Naturally, many politicians buried their snouts in Enron’s trough, some of them Democrats, but none so deeply as the Bush family and their associates. It started with Papa Bush, whose secretary of state, secretary of commerce and director of operations for the Joint Chiefs of Staff all eventually joined the Enron payroll. And it continued with his son, who received $500,000 from Enron for his first gubernatorial campaign, and with Kenneth Lay‘s blessing, used an Enron company jet when he ran for president. No doubt coincidentally, “Kenny Boy” was named to Bush’s transition team and helped interview candidates for the Federal Energy Regulatory Commission; during the vice president‘s secret hearings on energy policy, Dick Cheney met privately with Lay and other Enron executives, the only company to be granted such a favor. At the moment, Bush’s chief economic adviser, Larry Lindsey, and top trade negotiator, Robert Zoellick, have both served as advisers to Enron, while Secretary of the Army Thomas White Jr. was an Enron exec before joining the administration (evidently he sold his stock in time).

Nobody wants to say it during wartime, but the cozy yet ruthless Texas business culture that produced Enron also produced our president. Bush takes pride in working like a CEO, and if you study his behavior, you find him duplicating, almost exactly, the culture of Enron. He displays the same obsession with loyalty (his number-one virtue), the same habit of dishonest, short-term accounting (think of his lies about those tax cuts), the same blithe disregard for ordinary workers (his post–September 11 economic proposals all aimed at helping corporations) and the same pitiless certainty he‘s on the side of the free-market angels.

What may be the scariest about Enron’s disastrous failure is that neither Bush nor other professional free marketeers seem to find anything scary about America‘s seventh biggest company being a hollow shell — and nobody having a clue. Not the investors, not the media, not the government overseers, not even (if you believe him) Kenneth Lay. In fact, several weeks after the bankruptcy, The Wall Street Journal’s Susan Lee wrote a column that examined Enron‘s calamitous fall and concluded that, once again, the free market had done its job — it let the company collapse. “And thus,” she cheerily ended her piece, “the story of Enron is, so far, a success story.”

I’d hate to hear what she has to say about the Donner Party.

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You have to give this to conservative ideologues: Unlike the liberal media, they‘re always on the case. As soon as it came out that John Walker Lindh hailed from Marin County, right-wing pundits began licking their chops, eager to turn an anomaly into a symbol. Not only did Fox News trot out all the Marin cliches (cue the bearded weirdo in the hot tub!), but the National Review suggested that Walker wasn’t merely a young fool (or traitor) but an exemplar of what‘s morally vacuous about post-’60s America.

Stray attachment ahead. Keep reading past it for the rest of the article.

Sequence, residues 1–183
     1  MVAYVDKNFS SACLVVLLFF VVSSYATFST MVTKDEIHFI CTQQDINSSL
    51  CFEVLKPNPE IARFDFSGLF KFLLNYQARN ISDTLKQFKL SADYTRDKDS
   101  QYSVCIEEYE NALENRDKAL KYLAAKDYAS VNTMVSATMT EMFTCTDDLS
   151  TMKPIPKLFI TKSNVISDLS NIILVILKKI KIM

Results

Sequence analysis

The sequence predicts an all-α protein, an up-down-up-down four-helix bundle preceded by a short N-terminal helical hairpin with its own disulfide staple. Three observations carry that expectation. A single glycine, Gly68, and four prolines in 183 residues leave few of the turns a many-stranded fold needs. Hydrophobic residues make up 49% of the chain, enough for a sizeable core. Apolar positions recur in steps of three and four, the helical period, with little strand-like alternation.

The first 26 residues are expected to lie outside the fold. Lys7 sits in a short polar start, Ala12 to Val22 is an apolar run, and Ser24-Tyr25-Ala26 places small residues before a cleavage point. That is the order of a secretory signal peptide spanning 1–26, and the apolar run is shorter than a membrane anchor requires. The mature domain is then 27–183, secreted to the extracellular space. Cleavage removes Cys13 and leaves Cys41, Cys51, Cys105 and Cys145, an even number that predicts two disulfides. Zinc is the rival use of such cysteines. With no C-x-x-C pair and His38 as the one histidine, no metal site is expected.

On December 10, The Wall Street Journal carried a piece by angry black conservative Shelby Steele, who treated Marin as if it were some bizarre, interplanetary Gomorrah rather than a community just up the road from Palo Alto, the liberal college town where he himself works. Although Steele made his reputation by arguing that an individual‘s failings shouldn’t be blamed on his social background — in particular, that African-Americans should focus less on past victimization than on the content of their own character — he eagerly pinned Walker‘s embrace of fundamentalism on Marin’s cultural relativism, which, he claimed, teaches its young that the hatred of America is actually idealism. (If only Walker had been raised in a nice Southern town where he could have channeled his theocratic impulses into bombing abortion clinics.)

Now, there‘s something comical about bashing liberals for producing Islamic holy warriors dedicated to the destruction of liberalism. In fact, an article like Steele’s is worth mentioning only as an example of a familiar conservative tactic: You take some piece of “shocking” news, then twist it to pummel a group or ideology you don‘t like. Thus, when poor, mad Susan Smith drowned her two kids back in the ’90s, Newt Gingrich didn‘t sweat the details — he declared that liberal values led her to do it.

The problem, of course, is that blaming Marin for Walker’s religious idiocy or liberalism for child murder is to make an argument so transparently fatuous that a high school debater could pick it apart during homeroom. If liberal values prompted Smith to kill her children, why isn‘t Santa Monica littered with small corpses? If the culture of Marin was the reason for Walker’s fanaticism, why didn‘t anyone else there (let alone Berkeley) join the Taliban? The right fulminates endlessly about liberalism’s moral bankruptcy, but its own penchant for the ideological blame game is the intellectual version of Chapter 11.